Cystopteris laurentiana (Laurentian Fragile Fern)

Plant Info
Also known as: Laurentian Bladderfern, Laurentian Bulblet Fern, St. Lawrence Bladderfern, Hybrid Bladder Fern
Family:Dryopteridaceae (Wood Fern)
Life cycle:perennial
Habitat:part shade, shade; average to moist; cliffs, talus slopes, canyon walls, rocky banks
Fruiting season:summer to early fall
Plant height:6 to 18 inches
Wetland Indicator Status:none
MN county distribution (click map to enlarge):Minnesota county distribution map
National distribution (click map to enlarge):National distribution map

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Detailed Information

Leaves and stems: Leaf attachment: basal Leaf type: compound

[photo of frond] Leaves (fronds) are compound, 6 to 18 inches long, up to 5 inches wide, with 12 to 16 pairs of branches (pinnae) that are more or less opposite and perpendicular to the stem. The frond is widest below the middle, the lowest pinnae pair slightly to distinctly shorter than the second lowest, but there is often not much difference in size from the widest point down to the base. Pinnae are lance-oblong to triangular in outline, tapering to a pointed tip, stalkless or nearly so at the base, the largest pinnae with 5 or more pairs of lobes or leaflets (pinnules).

[photo of pinnule veins] Pinnules are irregularly toothed; veins are branched, sometimes forked, and terminate at the tip of a tooth or lobe or in the notch between. Both surfaces lack any hairs, glands or scales, though there are usually sparse glandular hairs scattered along the central frond stalk and pinnae midribs or in the pinnae axils. Occasionally, a hairy, sterile bulblet forms at the base of a pinna.

[photo of lower stem] Stems are grooved, the upper stem straw-colored to greenish on mature plants, the lower stem darker brown with a few tan scales near the base. The plant grows in an asymmetrical clump, the fronds erect to ascending to arching, or hanging down when growing in a rock wall. Old stem bases persist and some shriveled stems may persist to the next season.

Spores: Fruit type: spores_on_leaf

[photo of sori] The sori (group of spores) mature in mid-summer and are found on the underside of the leaf. They are circular and arranged in a row along one or both sides of the pinnule midvein about halfway to the pinnule edge. A cup-shaped, translucent tissue (indusium) partly covers the spores, is attached on inner curve and is sparsely covered in glandular hairs. Spores ripen to dark brown or black. Most leaves have spores.


Laurentian Fragile Fern is uncommon in the cracks and crevices of cliffs and canyon walls, on moss-covered boulders, shaded banks and rock outcrops, mostly on or near the north shore of Lake Superior with a few populations in the southeastern counties. It is identified by fronds widest above the base (though the lowest pinnae is not always much smaller than the second lowest), veins terminate at both the tips of lobes/teeth and the notches between, sparse glandular hairs on indusia and along the frond central stalk (rachis) and pinnae midribs and/or in the axils, occasional hairy bulblets at the base of a pinna, and usually growing on rocks. Of note is that many of our specimens had what at first appeared to be numerous whitish glands dotting the underside of pinnules; these turned out to be stomates (pores) rather than glands, so keep that in mind.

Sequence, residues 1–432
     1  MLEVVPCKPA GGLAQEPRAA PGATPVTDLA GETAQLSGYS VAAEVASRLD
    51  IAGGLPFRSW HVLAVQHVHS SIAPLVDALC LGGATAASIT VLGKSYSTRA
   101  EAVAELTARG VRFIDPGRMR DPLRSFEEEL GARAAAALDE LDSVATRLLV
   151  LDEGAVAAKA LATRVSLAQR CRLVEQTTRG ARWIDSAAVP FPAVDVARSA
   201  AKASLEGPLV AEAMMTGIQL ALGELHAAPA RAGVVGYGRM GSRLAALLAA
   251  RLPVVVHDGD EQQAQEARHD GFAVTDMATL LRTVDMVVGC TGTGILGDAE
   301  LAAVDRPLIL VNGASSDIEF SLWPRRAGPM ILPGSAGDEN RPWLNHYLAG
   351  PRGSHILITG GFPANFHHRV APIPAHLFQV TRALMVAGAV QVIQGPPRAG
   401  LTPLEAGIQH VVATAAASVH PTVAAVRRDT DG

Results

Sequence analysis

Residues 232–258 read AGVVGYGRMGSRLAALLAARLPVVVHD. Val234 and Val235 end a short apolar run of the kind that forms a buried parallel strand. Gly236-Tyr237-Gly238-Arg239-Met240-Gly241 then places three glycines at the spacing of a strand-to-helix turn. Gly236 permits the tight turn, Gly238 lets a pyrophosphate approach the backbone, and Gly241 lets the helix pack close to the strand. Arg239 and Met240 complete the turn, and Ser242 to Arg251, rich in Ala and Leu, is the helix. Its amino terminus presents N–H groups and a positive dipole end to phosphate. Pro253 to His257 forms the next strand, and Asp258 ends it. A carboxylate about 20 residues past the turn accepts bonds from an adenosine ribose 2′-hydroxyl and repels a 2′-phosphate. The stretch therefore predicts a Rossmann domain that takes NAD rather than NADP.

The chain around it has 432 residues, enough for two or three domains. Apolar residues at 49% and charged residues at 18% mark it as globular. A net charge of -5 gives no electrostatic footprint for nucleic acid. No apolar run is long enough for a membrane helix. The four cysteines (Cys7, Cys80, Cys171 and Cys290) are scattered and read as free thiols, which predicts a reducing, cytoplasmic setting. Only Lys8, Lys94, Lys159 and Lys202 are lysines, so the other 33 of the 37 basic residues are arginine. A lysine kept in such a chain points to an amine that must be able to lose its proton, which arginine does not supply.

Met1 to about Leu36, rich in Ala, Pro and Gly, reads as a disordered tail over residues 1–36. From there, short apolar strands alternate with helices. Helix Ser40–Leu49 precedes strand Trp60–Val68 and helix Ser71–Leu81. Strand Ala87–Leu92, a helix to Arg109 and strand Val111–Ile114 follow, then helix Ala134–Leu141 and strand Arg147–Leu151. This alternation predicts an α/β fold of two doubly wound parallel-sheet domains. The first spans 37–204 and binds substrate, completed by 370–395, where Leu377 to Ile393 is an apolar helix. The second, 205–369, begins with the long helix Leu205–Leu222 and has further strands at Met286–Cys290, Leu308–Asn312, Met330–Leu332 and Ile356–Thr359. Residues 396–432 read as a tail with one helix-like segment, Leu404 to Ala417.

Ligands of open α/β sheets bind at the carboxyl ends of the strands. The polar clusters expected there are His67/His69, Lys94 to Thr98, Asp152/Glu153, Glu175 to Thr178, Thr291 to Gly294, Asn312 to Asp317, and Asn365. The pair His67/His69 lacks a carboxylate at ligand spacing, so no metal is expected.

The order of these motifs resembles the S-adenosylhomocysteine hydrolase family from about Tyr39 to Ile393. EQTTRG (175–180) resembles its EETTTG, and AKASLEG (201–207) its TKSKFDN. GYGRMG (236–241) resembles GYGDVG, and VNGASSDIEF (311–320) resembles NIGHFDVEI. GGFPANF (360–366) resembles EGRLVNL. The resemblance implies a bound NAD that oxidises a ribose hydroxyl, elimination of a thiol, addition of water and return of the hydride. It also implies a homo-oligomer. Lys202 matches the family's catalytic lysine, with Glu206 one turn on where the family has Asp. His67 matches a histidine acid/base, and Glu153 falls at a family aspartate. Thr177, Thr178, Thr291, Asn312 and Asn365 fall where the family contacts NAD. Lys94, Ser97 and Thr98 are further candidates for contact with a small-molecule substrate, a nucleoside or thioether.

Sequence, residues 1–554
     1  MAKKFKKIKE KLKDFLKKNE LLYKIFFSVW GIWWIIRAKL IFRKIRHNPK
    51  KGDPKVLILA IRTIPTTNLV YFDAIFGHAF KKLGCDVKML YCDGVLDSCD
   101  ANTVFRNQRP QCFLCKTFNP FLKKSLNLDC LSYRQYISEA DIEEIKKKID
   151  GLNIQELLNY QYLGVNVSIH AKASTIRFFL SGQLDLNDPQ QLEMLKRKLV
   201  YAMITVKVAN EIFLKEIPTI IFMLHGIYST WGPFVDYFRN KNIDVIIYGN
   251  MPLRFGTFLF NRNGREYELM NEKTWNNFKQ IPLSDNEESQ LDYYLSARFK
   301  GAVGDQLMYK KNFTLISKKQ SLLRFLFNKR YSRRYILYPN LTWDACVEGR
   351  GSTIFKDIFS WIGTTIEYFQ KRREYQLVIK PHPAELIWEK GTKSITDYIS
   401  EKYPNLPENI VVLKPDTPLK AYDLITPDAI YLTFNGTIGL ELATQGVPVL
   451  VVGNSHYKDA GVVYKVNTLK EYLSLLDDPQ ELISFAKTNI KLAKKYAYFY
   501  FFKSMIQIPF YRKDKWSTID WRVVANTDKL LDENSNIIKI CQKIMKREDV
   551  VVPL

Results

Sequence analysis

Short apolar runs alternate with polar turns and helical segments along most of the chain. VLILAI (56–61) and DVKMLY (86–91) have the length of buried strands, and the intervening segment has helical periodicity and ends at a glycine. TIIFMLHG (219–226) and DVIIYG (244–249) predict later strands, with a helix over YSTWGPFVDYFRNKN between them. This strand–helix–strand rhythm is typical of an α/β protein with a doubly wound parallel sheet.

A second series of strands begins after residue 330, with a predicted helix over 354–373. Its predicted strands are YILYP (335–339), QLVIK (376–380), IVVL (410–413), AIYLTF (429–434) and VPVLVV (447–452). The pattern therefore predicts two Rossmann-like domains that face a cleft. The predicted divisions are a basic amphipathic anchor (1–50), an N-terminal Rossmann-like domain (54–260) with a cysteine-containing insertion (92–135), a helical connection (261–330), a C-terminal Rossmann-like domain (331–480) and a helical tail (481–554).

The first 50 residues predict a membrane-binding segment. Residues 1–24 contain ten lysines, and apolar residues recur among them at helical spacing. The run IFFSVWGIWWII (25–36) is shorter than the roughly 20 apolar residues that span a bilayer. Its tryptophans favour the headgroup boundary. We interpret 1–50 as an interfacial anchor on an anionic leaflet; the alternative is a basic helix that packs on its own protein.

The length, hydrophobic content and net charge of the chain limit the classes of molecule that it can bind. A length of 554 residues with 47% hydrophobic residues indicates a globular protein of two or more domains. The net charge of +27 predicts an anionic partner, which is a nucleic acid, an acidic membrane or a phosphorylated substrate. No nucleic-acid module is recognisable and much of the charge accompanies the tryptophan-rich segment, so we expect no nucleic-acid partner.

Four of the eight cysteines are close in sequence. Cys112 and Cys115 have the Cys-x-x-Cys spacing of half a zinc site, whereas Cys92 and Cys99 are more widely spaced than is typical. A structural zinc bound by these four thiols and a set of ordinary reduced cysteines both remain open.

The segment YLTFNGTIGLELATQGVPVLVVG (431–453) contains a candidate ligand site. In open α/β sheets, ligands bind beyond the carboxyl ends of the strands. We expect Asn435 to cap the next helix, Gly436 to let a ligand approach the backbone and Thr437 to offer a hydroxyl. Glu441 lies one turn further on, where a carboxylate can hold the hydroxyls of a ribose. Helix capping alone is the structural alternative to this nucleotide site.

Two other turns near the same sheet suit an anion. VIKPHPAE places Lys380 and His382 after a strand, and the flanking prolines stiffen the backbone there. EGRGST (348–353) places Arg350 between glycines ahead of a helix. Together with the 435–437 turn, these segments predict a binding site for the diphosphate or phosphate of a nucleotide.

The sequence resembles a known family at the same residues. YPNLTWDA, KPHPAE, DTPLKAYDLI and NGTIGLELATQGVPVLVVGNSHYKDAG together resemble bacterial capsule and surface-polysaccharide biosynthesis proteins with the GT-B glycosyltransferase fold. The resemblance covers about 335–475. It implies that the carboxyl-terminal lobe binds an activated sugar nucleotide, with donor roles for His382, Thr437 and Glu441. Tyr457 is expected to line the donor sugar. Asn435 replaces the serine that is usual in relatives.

Thought to originally be a hybrid between C. bulbifera and C. fragilis, C. laurentiana is more similar to C. bulbifera, which has fronds widest at the base and a longer taper to the frond tip, is more densely glandular hairy with glands on the pinnule surface as well as on stalks, has larger, smooth and more numerous bulblets that are fertile, drop off and form new plants, and fresh spring fronds emerge with bright red or maroon stems, where C. laurentiana emerges on green stems. C. fragilis has smaller fronds than these two, widest at or below the middle, and lacks any glands or bulblets.

The only other Cystopteris species in MN that has any glandular hairs is C. tennesseensis, the child of C. bulbifera and C. protrusa; it also has sparse glandular hairs on both the stalks and indusia, veins that terminate in both the lobe notches and tips, and may have misshapen bulblets, but its fronds are widest at or near the base; it also has smaller spores but a microscope is required to see this, and this species hasn't been seen in Minnesota in at least 50 years so C. laurentiana is much more likely to be encountered. The other two Cystopteris species in Minnesota (C. protrusa and C. tenuis) lack any glandular hairs or bulblets and have fronds widest at or just below the middle.

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More photos

Photos by Peter M. Dziuk taken in Cook County.


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